That is the suspicion of a compromiser, at least of a humble one. Or of a humble atheist.

    November 17, 2010
    • I think that every worldview changes, however minimally, over time. I suspect that there are very few people who can just pick a worldview in their teens or twenties and just go into maintain mode for the rest of their lives. Perhaps for some this is the case, but for the majority I think there is some kind of updating/worldview maintenance required throughout life. I think this is to be expected if we are living beings in continuous relationship with God, world, and others. Healthy worldviews mature, just like healthy people do (and the inverse is obviously true as well).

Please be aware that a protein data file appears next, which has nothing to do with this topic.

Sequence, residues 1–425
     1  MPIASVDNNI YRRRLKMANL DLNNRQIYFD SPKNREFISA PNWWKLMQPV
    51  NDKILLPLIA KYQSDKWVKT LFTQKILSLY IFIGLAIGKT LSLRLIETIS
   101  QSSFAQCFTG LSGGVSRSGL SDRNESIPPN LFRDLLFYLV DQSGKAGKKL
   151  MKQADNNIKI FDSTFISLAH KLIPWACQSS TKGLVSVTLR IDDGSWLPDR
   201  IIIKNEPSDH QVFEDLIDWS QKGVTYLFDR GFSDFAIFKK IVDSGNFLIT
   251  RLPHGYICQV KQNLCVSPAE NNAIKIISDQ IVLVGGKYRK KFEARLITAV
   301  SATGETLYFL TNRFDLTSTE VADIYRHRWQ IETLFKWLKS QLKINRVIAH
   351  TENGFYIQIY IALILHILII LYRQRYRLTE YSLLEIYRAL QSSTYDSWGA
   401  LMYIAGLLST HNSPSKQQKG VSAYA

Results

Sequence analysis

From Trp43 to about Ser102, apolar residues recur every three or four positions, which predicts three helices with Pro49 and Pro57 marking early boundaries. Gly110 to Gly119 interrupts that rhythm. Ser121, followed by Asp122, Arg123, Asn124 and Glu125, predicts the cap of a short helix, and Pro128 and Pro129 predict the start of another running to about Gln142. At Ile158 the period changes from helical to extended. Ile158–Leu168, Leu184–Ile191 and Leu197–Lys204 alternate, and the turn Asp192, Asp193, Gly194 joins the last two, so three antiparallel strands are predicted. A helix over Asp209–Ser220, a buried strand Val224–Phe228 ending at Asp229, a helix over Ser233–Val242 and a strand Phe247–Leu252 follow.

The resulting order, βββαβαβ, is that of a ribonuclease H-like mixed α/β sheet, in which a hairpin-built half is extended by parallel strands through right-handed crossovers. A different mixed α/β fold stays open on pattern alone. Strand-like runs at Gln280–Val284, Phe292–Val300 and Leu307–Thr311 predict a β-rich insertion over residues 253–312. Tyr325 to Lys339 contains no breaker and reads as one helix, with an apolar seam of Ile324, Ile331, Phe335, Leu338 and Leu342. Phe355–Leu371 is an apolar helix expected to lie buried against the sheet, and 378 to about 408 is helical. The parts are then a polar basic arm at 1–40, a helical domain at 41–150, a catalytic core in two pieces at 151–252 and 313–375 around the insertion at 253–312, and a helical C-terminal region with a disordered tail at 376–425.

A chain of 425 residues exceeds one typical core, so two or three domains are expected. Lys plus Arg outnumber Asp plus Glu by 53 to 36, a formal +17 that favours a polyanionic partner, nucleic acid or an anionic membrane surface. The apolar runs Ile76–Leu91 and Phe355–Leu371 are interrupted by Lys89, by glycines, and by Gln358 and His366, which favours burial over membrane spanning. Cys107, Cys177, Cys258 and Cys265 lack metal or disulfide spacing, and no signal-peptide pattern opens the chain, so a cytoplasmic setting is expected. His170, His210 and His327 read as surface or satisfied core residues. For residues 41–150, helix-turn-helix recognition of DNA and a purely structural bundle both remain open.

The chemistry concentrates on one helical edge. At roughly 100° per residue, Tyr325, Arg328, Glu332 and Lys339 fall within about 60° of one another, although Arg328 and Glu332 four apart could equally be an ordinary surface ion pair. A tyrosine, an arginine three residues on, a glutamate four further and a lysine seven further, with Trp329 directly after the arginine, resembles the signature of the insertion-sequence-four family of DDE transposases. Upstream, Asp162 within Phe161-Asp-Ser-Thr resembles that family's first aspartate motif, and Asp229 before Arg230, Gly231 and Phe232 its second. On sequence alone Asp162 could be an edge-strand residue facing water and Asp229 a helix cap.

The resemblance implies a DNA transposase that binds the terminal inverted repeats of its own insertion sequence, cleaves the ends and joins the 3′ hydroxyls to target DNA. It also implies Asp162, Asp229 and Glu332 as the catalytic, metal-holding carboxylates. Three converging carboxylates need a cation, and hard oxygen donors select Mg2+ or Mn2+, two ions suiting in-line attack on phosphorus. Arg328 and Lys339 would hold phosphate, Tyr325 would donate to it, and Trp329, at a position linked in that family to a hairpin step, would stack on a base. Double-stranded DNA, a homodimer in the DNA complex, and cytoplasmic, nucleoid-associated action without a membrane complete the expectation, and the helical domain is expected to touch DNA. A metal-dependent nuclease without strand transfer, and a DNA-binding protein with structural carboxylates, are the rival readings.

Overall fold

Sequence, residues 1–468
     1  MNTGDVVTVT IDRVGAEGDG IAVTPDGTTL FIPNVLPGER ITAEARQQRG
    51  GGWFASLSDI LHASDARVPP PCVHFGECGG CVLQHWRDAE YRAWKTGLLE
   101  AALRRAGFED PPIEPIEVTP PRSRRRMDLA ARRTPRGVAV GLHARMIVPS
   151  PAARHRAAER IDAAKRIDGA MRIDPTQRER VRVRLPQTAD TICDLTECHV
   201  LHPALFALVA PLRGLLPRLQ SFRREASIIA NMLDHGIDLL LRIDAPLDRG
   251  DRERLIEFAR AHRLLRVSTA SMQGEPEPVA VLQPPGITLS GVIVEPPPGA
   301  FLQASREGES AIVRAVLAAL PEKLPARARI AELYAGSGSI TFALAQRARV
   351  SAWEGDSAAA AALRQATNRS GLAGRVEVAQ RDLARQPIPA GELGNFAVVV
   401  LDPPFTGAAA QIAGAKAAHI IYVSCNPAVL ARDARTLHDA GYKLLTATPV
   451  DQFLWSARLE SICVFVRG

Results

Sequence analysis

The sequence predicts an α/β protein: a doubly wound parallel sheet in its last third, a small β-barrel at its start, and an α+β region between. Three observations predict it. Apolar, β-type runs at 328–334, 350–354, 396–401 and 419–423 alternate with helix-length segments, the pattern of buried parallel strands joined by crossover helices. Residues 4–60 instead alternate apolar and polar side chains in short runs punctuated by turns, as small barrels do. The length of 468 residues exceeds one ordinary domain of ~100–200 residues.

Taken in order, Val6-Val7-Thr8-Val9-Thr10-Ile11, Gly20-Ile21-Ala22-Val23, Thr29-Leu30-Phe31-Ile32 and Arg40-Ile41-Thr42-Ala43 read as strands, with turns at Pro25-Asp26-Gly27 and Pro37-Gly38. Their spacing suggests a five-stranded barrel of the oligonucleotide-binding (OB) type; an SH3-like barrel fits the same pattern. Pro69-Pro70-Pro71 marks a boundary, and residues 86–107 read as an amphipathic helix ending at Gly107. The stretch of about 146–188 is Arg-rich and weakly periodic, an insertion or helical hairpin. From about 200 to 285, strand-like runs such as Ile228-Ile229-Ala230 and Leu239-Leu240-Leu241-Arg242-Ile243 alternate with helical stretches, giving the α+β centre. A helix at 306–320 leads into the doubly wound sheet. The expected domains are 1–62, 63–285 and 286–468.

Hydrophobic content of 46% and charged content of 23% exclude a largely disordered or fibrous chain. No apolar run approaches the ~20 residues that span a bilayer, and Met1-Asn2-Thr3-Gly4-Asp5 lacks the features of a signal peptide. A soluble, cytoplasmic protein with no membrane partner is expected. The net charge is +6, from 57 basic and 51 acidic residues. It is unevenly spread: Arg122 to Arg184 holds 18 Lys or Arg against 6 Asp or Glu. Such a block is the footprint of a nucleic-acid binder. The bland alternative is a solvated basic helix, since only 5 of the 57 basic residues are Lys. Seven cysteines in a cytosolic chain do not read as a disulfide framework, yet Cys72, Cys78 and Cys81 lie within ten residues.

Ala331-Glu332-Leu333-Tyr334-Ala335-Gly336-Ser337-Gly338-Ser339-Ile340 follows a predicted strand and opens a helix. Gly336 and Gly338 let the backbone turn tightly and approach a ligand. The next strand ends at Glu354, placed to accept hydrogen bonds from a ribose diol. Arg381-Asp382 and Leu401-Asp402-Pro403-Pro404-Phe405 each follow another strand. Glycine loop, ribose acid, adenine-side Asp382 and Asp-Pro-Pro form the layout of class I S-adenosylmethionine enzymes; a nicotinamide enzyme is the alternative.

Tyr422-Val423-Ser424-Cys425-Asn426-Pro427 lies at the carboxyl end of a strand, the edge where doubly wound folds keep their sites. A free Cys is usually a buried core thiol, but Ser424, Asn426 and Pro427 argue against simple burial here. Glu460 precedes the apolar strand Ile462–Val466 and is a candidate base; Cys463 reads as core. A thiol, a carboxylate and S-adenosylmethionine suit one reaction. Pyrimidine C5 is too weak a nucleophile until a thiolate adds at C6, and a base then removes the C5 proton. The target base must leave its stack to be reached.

At various times and in response to various pressures and experiences, any one of the three responses you mention might be operative. I’d like to think there are more positive ways of framing the process of holding/maintaining/modifying/changing worldviews than the ones from Berger. The impression I get from the language of “capitulation,” “compromise,” and “retrenchment” is that a kind of bleak nihilism is the default reality that we all must deal with, however inadequately. Maybe I’m importing unwarranted assumptions onto Berger’s categories.

      November 17, 2010
  3. This post reminds me of a talk I heard from PZ Myers at a conference for Secular Humanism about a month ago. His talk was part of a debate between “Confrontationalists” and “Accomodationalists” (a popular debate among atheists).

    If you’re interested, here’s the link: http://www.ustream.tv/recorded/10076611